There is of course also the debate about the influence of environment on the individual development, but that is not relevant to the current review. “Nature vs. Nurture” is of course an interesting subject that deserves its own scrutiny in its own place.

Turning to the question of rebirth, Sri Aurobindo explains that “Rebirth accounts, for example, for the phenomenon of genius, inborn faculty and so many other psychological mysteries.”

No theory of heredity can explain the ability of Mozart or Beethoven as young children to create musical compositions and play them. Nor can it be explained away by training or “nurture”. Once we get into the cases of talents and capacities that are far beyond the norm, outside the capacities of the parents and outside the specific training and focus the parents provide, it becomes even more obvious that there is something at work here beyond pure heredity or training.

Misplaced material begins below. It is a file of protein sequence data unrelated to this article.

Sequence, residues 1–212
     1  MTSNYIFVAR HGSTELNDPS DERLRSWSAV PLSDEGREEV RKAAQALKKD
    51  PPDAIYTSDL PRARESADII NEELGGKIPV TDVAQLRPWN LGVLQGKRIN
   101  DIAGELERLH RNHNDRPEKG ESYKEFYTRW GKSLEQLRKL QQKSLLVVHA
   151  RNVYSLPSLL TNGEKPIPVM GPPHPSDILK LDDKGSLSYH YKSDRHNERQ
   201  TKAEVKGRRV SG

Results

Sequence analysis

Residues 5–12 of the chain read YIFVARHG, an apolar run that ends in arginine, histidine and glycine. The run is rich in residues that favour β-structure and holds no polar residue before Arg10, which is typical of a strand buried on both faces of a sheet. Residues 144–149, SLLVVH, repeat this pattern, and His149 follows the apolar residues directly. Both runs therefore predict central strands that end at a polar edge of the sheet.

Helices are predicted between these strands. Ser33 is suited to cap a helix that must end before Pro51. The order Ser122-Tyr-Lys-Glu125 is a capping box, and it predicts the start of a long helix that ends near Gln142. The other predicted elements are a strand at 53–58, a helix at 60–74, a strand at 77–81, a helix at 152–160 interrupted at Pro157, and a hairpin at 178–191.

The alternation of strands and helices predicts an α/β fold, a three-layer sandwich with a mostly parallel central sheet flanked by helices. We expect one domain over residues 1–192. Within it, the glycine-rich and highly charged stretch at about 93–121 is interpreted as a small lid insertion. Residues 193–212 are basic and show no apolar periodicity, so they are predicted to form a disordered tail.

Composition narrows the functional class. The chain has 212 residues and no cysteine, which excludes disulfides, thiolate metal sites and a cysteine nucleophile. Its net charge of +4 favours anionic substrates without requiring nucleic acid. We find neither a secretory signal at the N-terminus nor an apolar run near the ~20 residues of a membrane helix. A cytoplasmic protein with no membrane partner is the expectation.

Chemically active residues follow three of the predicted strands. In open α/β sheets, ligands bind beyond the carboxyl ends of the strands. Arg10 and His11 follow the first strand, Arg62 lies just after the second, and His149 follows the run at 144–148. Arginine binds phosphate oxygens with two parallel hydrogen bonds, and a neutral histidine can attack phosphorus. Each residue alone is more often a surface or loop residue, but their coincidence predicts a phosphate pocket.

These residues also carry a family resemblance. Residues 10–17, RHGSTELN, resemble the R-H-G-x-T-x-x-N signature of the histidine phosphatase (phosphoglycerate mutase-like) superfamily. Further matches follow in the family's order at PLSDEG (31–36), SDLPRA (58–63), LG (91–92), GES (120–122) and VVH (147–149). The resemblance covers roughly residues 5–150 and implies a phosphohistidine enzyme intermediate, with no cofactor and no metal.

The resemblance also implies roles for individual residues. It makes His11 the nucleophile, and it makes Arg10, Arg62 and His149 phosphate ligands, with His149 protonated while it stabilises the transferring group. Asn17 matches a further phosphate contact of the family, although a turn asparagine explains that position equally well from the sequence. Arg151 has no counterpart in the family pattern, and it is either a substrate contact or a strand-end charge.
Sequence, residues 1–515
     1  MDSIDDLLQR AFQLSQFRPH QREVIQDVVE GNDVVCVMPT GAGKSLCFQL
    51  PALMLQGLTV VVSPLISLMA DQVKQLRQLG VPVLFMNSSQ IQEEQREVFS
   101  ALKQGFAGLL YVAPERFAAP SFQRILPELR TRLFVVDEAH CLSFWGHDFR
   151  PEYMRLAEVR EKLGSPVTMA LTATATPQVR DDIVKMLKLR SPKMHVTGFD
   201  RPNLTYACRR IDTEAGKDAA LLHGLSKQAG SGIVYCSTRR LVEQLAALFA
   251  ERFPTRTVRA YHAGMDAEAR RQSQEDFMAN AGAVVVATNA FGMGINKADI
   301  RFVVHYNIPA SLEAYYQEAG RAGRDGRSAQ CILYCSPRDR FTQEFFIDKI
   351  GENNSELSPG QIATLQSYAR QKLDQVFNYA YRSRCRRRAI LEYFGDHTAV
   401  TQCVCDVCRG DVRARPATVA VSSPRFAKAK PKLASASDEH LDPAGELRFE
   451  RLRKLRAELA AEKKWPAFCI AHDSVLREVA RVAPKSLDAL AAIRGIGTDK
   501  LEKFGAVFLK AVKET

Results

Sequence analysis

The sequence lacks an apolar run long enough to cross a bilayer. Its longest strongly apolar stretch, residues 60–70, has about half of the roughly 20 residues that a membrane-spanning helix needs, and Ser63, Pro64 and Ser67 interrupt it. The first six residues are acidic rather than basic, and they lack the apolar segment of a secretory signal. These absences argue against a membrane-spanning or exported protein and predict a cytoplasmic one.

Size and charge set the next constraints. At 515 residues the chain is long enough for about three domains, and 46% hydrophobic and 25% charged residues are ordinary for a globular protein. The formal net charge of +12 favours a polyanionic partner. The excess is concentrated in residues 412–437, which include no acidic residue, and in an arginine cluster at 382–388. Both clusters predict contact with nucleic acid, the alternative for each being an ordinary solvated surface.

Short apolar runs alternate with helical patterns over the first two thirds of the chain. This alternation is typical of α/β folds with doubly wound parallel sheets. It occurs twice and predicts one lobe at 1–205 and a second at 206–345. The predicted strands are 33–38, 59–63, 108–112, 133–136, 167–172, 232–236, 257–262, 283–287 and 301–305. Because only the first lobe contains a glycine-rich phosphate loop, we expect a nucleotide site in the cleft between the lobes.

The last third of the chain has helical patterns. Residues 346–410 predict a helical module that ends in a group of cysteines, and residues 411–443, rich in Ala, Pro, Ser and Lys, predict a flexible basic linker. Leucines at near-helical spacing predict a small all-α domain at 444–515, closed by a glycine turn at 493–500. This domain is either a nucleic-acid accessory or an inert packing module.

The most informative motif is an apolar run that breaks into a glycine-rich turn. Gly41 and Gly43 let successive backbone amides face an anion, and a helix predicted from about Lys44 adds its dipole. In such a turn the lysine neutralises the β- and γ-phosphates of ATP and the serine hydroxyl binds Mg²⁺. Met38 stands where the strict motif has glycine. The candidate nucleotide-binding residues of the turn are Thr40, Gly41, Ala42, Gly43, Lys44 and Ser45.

This is one area where rebirth actually begins to illuminate the issue; but it does not stop there. Rebirth and karma are able to provide solutions to other issues that are not explicable otherwise, as we shall see hereafter.

Sri Aurobindo,

Occam’s Razor and the Theory of Rebirth

Occam’s razor, which essentially is the concept that when all other things are equal, the simplest explanation will tend to be the best, is a useful conceptual tool in many fields of life, and helps us avoid bogging down in needless complexity,–thereby helping us sort out theories that have “too many moving parts” to sustain serious scrutiny. This is especially helpful when it comes to practical matters in the material world, but it is not always the answer! Sri Aurobindo uses the example of the simple explanation of the “theory of the spheres” as an explanation of astronomical events. Today we have a much more detailed and complex understanding, as well as the ability to observe many more facts that need to be covered by any solution.

This becomes a question because the theory of rebirth and the corollary law of karma actually is a quite good example of “Occam’s razor”. Sri Aurobindo explains: “The theory of rebirth coupled with that of Karma gives us a simple, symmetrical, beautiful explanation of things…”